The Indian economy grew faster than expected in Q4, lifting the year-over-year growth rate to 7.2 percent. Not all the news at the time was good, however. We observed in a report earlier this month that after the GDP report printed, export growth slowed sharply and consumer spending slowed in the quarter as well. Exports grew 9.1 percent year over year through January, and we learned this week that the figure for February was 4.5 percent. That, combined with a modest narrowing in the trade deficit, suggest some improvement in trade dynamics for the first quarter of 2018.

India has gotten through some growing pains and has more structural reform to do, but data this week show the economy remains on the right track and is gaining momentum.>>>>

Global Outlook

Brazilian Economic Activity Index • Monday

The Brazilian economy has continued to recover from a deep recession that occurred over the 2015-2016 period. Real GDP was up 2.1 percent on a year-ago basis in Q4, the fastest pace of growth since Q1-2014. The external sector helped boost economic growth, as real exports climbed 9.1 percent year over year in the fourth quarter. Private consumption and gross fixed capital formation also continued to accelerate in the quarter, signaling a broad-based recovery.

The Brazilian Economic Activity Index, published on a monthly basis by the central bank, will offer the first look at whether the momentum at the end of 2017 was carried into the new year. We remain positive on the direction of the Brazilian economy, though political turmoil remains a key risk to the outlook. Our current forecast for Brazilian economic growth is 2.8 percent in 2018 and 3.3 percent in 2019

Previous: 1.4% Consensus: -0.40% (Month-over-Month)>

Bank of England Meeting • Thursday

A slew of economic data is to be reported next week in the United Kingdom, culminating in a meeting of the Monetary Policy Committee (MPC) of the Bank of England (BoE). The February consumer price index will be reported on Tuesday, and policymakers will be keeping a close eye on the currently above-target inflation numbers. Data on weekly earnings and unemployment will print on Wednesday, and Thursday will see retail sales data and a decision by the MPC on monetary policy.

BoE policymakers face a different set of challenges relative to most of their developed-economy counterparts. Inflation in the U.K. is above- rather than below-target, while economic growth has not noticeably strengthened as it has in the United States and the Eurozone. Stubbornly high inflation and/or faster wage growth would help reassure policymakers that additional rate hikes are warranted in the coming months.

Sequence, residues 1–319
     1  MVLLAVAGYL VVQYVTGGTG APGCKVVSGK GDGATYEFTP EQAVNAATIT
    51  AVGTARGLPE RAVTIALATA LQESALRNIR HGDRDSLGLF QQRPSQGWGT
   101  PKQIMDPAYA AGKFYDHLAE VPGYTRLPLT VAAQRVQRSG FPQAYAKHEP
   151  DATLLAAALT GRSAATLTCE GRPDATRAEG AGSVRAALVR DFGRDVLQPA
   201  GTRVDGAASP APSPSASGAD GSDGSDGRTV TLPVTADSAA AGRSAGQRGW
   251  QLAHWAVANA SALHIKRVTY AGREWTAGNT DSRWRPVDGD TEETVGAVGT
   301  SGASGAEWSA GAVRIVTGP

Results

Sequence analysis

Previous: 0.50% Wells Fargo: 0.50% Consensus: 0.50% (Bank Rate)>

Canadian CPI • Friday

Despite a strong economic performance in 2017, inflation remained contained in Canada last year, with core price growth remaining comfortably within the Bank of Canada’s (BoC) target band. In its policy statement released last week, the BoC noted that “inflation is fluctuating because of temporary factors related to gasoline, electricity, and minimum wages.”

The BoC has been quick to respond to favorable economic data with tighter monetary policy. Economic growth slowed in H2-2017 after a breakneck pace in H1, and employment has outright declined through the first two months of 2018 after robust growth in Q4-2017. High household debt levels remain an ongoing concern for both us and policymakers at the BoC. With economic growth coming back down to earth and inflation in check, the BoC can afford to remain on hold for the time being as it continues to evaluate the incoming data.

Previous: 1.7% Wells Fargo: 1.8% Consensus: 2.0% (Year-over-Year)>

Point of View

Interest Rate Watch

Unease of Policy Resolution

Economic policy experiments offer the promise of benefits (greater growth) but also bring the possibility of greater risks (volatile prices for credit, currencies and goods). Currently, U.S. economic policy is carrying on two experiments at once: fiscal stimulus as the economy operates with a minimal output gap and monetary policy that both raises the price of credit (rate hikes) and reduces the supply of credit (balance sheet reductions). We remain concerned about the results.

Two Untried Experiments at Once

As illustrated in the top graph, higher fiscal deficits for the next two years will bring more Treasury issuance to market at a time when the Federal Reserve has stated its intentions to reduce its balance sheet and thereby reduce its demand for Treasuries.

Moreover, increased Treasury issuance is now being carried out in an economic environment of rising inflation and a weaker dollar (middle graph). Our concern here is that tariff talk will tend to bias inflation upward and lower the dollar’s value relative to the current outlook.

Higher Short-Term Rates Ahead